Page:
Oatmeal helps get serotonin flowing, a calm-inducing hormone. Go with steel cut or old fashioned oats (instead of instant oatmeal) because they¹re higher in fiber and take longer to digest. Therefore, their calming effect lasts longer.
Oranges make the list because they¹re rich in vitamin C. Reliable studies show that it helps lower blood pressure and the stress hormone cortisol, while strengthening the immune system.
Too little magnesium may trigger headaches and fatigue, compounding the effects of stress. Spinach is packed with magnesium, which also regulates cortisol levels and promotes feelings of well-being. A cup of spinach contains 40% of your daily requirement, so work it into your meals or smoothies.
A diet rich in omega-3 fatty acids helps keep cortisol and adrenaline from spiking when you're feeling tense. For a steady supply of omega-3's, try to eat at least 3 ounces (about the size of your palm) of salmon 2-3 times a week.
5. Black Tea
Drinking black tea may help you recover from stressful events more quickly. One study compared people who drank 4 cups of tea daily for 6 weeks with people who drank juice or coffee. The tea-drinkers reported feeling calmer and had lower levels of the stress hormone cortisol after stressful situations.
Pistachios are a good source of healthy fats. Eating a small handful of pistachios, walnuts, or almonds every day may help lower your cholesterol, ease inflammation in your arteries, decrease your risk for diabetes, and protect against the effects of stress.
One of the best ways to reduce high blood pressure is to get enough potassium, and half an avocado has more potassium than a banana. Avocados are also rich in stress-relieving B vitamins, which help promote healthy nerves and brain cells. Guacamole is a good choice when stress has you craving a high-fat treat. Avocados are high in calories though, so mix a bunch of onions and tomatoes into your guacamole and be careful not to overeat.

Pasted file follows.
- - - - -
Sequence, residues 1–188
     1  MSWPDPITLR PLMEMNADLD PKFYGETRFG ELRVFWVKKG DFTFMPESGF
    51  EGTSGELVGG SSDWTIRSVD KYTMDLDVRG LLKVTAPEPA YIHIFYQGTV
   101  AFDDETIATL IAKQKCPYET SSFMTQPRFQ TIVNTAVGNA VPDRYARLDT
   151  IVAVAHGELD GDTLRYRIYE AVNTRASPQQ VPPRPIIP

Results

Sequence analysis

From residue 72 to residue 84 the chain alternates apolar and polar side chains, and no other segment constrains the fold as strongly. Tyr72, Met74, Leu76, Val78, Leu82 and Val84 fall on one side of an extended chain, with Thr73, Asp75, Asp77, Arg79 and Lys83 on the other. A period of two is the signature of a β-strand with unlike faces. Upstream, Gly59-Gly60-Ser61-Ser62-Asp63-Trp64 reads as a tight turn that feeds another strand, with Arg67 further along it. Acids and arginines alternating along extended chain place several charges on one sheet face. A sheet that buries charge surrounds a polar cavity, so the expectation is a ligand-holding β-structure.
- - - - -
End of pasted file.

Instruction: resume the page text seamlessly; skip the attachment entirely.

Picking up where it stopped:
Almonds are chock-full of helpful vitamins: Vitamin E to boost the immune system, plus B Vitamins, which may make you more resilient during bouts of stress and help boost your immune system. To get the benefits, enjoy a small handful daily.
Depression has been linked to low levels of folic acid, and asparagus is an excellent source. A single cup of asparagus provides 2/3 of your daily value, and it¹s easy to fit into almost any meal. Try marinating them in olive oil and wrapping them in foil on the BBQ. They¹re also great steamed or sautéed in an omelet.
Blueberries are loaded with antioxidants and vitamin C, making them excellent stress-busters. When we¹re stressed, our bodies need vitamin C and antioxidants to help repair and protect healthy cells. Combine blueberries with Greek yogurt for a well-balanced, stress-reducing snack.